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Posted Tuesday, January 21, 2014
Chapel Hill, NC - In the UNC’s Mary Willingham student-athlete-literacy scandal, people at Dartmouth recognize that Chancellor Carol Folt is working from her usual playbook. Rather than facing serious revelations head on, she is yet again just running a PR damage control effort.
Here's how it works: first the administration ignores the problem; then it denies that the problem even exists, a denial that is wrapped in laudatory remarks about the institution; and then a full-on offensive aims to discredit and punish the whistleblower. Finally, some type of large endeavor is announced with the goal of taking the school's focus off the entire subject.
Today in Chapel Hill, Mary Willingham is enduring the same treatment that Carol Folt meted out at Dartmouth for years.
For example, in early 2011, Dartmouth undergraduate Andrew Lohse approached several senior Dartmouth administrators to describe the abusive and dangerous hazing going on at his fraternity. After many months had passed, and the deans had done nothing with the information, in January 2012, Lohse published an extensive column in the student newspaper: he wrote that he was "forced to swim in a kiddie pool full of vomit, urine, fecal matter, semen, and rotten food products; forced to eat an omelet made of vomit; forced to chug cups of vinegar until I was afraid that I would vomit blood like one of my fellow pledges did; forced to inhale nitrous oxide; degraded psychologically on a daily basis...," etc.
For over five weeks after the column’s publication, then-Provost Folt and then-President Jim Kim (now President of the World Bank) avoided comment to the Dartmouth community about the problem. Their underlings, however, ferociously impugned Lohse's motives and credibility. They and several members of the Board of Trustees questioned whether Lohse had made up his narrative, and extensive background information was circulated about Lohse's past disciplinary problems.
After the column came out, Dartmouth's Undergraduate Judicial Affairs department charged the brothers in Lohse's fraternity house, and Lohse himself, too, with hazing. Yes, you read that correctly: the whistleblower was also charged with the crime. Of course, the fraternity brothers clammed up tight, and as the administration undoubtedly expected, Lohse himself refused to offer any evidence against them, given that the same information could also be used against him. Lo and behold, eventually all charges were dropped for lack of evidence.
However the national press did not give up on the story, and Rolling Stone magazine sent veteran reported Janet Reitman to campus. When her lengthy, embarrassing story hit the street two months after Lohse's disclosures were published, Folt and Kim were ready.
In crises like the current one, Folt spends her time and effort on window-dressing
Five days later, accompanied by full-page ads in the New York Times and other major newspapers, the re-naming of Dartmouth's medical school was announced. No specific gift was mentioned from donors Audrey and Ted Geisel (who you will know better as Dr. Seuss) -- their gift is only a bequest that will occur when both have passed away -- and no explanation was offered for the timing of the name change.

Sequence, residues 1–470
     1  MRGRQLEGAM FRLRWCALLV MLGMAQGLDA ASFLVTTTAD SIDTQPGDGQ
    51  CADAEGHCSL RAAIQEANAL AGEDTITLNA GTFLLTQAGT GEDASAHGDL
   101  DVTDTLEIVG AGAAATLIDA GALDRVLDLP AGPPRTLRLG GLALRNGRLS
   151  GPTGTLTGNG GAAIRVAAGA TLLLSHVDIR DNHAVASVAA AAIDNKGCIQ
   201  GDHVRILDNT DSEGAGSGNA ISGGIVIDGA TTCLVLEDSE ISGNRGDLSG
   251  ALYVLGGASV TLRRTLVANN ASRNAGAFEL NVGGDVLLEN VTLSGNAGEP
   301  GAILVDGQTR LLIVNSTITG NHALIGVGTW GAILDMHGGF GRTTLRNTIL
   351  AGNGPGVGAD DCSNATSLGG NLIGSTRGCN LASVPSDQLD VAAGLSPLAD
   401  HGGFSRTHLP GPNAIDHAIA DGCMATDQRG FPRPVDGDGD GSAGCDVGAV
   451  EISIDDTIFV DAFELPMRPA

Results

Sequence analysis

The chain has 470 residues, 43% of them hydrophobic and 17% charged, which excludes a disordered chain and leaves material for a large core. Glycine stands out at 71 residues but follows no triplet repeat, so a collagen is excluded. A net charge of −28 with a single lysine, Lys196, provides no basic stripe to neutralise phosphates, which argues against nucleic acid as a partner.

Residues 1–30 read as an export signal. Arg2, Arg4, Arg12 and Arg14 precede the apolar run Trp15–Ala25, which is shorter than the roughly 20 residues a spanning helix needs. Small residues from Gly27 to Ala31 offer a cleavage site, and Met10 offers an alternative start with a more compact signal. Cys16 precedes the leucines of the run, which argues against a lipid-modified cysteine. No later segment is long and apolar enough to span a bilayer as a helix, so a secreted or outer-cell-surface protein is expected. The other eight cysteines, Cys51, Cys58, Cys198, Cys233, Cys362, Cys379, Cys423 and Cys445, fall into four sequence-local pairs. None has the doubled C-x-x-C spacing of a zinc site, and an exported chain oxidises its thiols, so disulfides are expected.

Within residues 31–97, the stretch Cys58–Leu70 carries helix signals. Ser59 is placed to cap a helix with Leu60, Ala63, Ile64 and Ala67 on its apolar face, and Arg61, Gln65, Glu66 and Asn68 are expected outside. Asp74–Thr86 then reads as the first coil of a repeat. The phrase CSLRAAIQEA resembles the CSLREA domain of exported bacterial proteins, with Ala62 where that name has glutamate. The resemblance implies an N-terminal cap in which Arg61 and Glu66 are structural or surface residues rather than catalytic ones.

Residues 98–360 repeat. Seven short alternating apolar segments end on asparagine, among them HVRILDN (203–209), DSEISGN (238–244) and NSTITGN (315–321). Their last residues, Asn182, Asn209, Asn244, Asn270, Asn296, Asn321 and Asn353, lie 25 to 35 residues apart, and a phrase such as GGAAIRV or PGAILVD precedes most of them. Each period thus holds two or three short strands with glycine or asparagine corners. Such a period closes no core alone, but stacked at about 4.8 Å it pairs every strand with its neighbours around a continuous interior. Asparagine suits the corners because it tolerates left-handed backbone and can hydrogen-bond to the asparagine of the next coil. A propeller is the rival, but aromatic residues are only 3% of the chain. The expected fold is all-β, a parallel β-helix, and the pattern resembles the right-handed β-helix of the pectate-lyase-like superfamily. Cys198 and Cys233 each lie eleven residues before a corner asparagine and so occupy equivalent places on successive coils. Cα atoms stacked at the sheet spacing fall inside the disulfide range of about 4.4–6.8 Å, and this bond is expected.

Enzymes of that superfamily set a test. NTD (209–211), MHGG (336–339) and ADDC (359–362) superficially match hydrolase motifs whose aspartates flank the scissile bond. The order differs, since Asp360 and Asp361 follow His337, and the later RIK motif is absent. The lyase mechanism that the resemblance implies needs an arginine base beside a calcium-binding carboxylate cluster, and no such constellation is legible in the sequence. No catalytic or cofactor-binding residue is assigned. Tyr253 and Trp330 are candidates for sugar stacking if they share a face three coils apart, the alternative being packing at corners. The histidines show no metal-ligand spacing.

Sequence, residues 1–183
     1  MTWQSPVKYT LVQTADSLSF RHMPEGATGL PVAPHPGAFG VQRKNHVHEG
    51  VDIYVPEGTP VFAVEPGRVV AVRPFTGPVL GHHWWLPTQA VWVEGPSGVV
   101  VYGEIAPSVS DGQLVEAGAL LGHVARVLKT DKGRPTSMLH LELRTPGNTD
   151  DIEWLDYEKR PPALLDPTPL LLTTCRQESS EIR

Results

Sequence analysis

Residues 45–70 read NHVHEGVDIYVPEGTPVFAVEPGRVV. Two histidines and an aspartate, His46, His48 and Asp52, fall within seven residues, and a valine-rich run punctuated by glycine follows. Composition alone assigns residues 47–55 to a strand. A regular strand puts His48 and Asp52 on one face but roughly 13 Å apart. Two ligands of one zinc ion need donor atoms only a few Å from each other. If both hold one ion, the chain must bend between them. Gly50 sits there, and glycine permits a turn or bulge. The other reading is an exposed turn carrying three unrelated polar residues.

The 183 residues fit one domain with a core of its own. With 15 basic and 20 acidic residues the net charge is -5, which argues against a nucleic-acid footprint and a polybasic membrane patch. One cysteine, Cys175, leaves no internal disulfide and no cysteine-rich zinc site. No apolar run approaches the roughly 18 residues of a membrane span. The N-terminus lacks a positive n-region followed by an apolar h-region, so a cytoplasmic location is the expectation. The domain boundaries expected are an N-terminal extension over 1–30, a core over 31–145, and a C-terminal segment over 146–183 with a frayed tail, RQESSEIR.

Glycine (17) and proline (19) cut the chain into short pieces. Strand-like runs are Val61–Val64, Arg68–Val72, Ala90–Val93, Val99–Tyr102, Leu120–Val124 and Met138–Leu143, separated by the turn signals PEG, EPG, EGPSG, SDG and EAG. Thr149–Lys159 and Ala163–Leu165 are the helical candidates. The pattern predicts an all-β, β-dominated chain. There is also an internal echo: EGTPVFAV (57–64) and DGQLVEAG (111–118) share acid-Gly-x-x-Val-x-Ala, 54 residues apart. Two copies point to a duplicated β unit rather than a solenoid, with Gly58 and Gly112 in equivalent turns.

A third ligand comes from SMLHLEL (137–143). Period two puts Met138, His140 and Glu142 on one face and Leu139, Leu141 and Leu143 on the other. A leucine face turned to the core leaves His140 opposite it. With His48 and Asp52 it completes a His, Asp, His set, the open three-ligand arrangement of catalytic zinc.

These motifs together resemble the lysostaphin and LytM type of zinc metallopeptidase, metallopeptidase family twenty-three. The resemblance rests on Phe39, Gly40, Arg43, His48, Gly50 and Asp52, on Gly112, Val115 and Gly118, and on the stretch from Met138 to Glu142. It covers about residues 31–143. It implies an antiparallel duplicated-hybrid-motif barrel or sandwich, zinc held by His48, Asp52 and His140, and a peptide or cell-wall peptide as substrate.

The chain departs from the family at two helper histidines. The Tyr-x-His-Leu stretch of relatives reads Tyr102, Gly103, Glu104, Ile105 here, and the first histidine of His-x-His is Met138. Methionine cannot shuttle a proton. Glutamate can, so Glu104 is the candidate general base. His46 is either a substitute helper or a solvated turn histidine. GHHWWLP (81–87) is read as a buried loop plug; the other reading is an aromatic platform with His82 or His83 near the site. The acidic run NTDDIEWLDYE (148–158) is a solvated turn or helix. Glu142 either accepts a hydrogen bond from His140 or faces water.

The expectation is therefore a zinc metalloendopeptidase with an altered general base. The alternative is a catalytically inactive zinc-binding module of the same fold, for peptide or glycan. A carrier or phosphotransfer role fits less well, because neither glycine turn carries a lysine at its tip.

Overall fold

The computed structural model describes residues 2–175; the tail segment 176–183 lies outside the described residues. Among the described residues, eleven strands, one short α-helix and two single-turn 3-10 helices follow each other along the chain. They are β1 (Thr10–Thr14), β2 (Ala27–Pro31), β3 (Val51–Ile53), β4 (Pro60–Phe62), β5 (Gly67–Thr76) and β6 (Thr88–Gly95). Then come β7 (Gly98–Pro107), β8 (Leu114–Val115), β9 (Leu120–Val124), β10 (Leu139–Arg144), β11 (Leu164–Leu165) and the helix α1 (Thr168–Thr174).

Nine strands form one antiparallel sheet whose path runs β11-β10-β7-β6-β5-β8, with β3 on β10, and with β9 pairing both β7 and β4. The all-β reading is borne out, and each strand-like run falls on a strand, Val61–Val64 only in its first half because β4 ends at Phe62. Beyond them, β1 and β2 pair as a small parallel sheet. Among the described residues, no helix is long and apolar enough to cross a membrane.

In fact, the announcement came as a surprise to everyone on the medical school’s faculty. Clearly the event took place only to distract attention from the stomach-turning hazing controversy.
More or less the same sequence of events has occurred at Dartmouth under Folt’s watch in relation to any number of past incidents: student protests about the school's second-in-the-Ivies, $60,201 annual cost of tuition, room and board; the faculty's multiple rejections of Kim and Folt's accounting of how costs were cut during the financial crisis; and widespread anger over class oversubscriptions, class crowding and Dartmouth's reconfigured, expensive dining plans; and so on.
Though Carol Folt has a glittering resumé of positions held at Dartmouth, actual achievement over the decades has been utterly lacking.
However, what has never taken place as part of these controversies is anything fundamental, any changes of substance that get to the root of the various problems. Though Carol Folt has a glittering resumé of positions held at Dartmouth, actual achievement over the decades has been utterly lacking.
It’s not hard to map the Lohse scandal at Dartmouth onto Mary Willingham’s experience at UNC. She elicited no reaction when she first approached the administration with her data about poor student-athlete reading levels. When she went public with her concerns, the administration denied having the information. Recently Provost Jim Dean and Chancellor Folt called her work a “travesty” and said that it was not up to the immaculate standards of Carolina research. Finally, Willingham had her research privileges revoked on the grounds that she had violated student confidentiality. All that is missing now is a big announcement from Chancellor Folt designed to distract the UNC community from Willingham’s concerns about education.
In crises like the current one, Folt spends her time and effort on window-dressing, and she makes sure that anyone complaining about a problem is hit so hard that the person complaining, and all future whistleblowers, too, think twice about bringing problems to light. It’s happening again.
Today in Chapel Hill, Mary Willingham is enduring the same treatment that Carol Folt meted out at Dartmouth for years. And Willingham’s well-founded complaints are being covered up. Congratulations, UNC! Your school is almost in the Ivy League.
Joe Asch is a 1979 graduate of Dartmouth College and a 1983 graduate of the Yale Law School. He writes Dartblog.com, a daily blog about Dartmouth College.
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